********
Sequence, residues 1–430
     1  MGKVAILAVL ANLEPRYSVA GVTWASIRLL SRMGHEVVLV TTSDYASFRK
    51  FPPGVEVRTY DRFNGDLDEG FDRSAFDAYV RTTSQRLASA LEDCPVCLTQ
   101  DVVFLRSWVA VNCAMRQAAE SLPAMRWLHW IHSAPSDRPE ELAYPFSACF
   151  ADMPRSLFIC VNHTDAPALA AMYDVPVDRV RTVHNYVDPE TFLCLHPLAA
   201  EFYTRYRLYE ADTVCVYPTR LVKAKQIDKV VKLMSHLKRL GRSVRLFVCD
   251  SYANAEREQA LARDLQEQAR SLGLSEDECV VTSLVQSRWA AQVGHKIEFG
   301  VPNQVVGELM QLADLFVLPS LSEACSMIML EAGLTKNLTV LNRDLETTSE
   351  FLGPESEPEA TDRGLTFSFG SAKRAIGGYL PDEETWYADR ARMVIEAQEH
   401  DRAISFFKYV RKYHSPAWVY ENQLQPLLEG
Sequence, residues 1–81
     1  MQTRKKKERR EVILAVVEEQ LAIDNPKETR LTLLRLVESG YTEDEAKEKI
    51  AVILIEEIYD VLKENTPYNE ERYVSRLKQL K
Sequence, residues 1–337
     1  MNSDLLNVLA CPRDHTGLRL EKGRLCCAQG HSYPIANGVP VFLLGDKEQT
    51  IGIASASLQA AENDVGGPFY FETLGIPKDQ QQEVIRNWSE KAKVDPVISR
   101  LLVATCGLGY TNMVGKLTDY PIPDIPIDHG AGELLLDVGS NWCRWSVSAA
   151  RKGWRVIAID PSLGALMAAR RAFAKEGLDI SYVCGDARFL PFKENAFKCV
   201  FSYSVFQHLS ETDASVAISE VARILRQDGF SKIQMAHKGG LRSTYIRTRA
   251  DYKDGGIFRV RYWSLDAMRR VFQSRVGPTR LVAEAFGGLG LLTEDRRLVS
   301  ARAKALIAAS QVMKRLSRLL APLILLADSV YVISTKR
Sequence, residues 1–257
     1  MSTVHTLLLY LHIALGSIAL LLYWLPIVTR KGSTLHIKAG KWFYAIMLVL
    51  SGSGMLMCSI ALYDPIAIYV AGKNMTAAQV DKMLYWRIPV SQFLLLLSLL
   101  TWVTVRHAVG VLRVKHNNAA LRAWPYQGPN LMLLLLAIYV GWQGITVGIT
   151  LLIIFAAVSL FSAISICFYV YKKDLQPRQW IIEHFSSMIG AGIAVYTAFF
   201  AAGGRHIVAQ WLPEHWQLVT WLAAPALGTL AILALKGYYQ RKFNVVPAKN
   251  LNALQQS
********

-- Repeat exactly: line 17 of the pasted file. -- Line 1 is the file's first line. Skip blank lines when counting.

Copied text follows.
   101  LLVATCGLGY TNMVGKLTDY PIPDIPIDHG AGELLLDVGS NWCRWSVSAA